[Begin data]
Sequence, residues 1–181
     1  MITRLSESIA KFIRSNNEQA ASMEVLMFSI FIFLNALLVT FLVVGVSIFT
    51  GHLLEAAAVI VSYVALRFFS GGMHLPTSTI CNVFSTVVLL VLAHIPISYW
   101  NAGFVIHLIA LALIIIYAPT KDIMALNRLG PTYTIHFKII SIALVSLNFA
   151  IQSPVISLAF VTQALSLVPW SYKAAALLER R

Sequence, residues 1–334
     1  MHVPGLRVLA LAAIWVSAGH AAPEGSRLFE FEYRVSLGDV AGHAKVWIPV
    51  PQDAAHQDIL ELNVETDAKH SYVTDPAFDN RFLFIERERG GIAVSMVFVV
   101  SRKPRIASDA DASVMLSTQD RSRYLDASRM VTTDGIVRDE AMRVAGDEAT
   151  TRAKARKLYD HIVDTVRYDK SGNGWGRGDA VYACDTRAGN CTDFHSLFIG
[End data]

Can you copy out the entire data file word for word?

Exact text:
Sequence, residues 1–181
     1  MITRLSESIA KFIRSNNEQA ASMEVLMFSI FIFLNALLVT FLVVGVSIFT
    51  GHLLEAAAVI VSYVALRFFS GGMHLPTSTI CNVFSTVVLL VLAHIPISYW
   101  NAGFVIHLIA LALIIIYAPT KDIMALNRLG PTYTIHFKII SIALVSLNFA
   151  IQSPVISLAF VTQALSLVPW SYKAAALLER R

Sequence, residues 1–334
     1  MHVPGLRVLA LAAIWVSAGH AAPEGSRLFE FEYRVSLGDV AGHAKVWIPV
    51  PQDAAHQDIL ELNVETDAKH SYVTDPAFDN RFLFIERERG GIAVSMVFVV
   101  SRKPRIASDA DASVMLSTQD RSRYLDASRM VTTDGIVRDE AMRVAGDEAT
   151  TRAKARKLYD HIVDTVRYDK SGNGWGRGDA VYACDTRAGN CTDFHSLFIG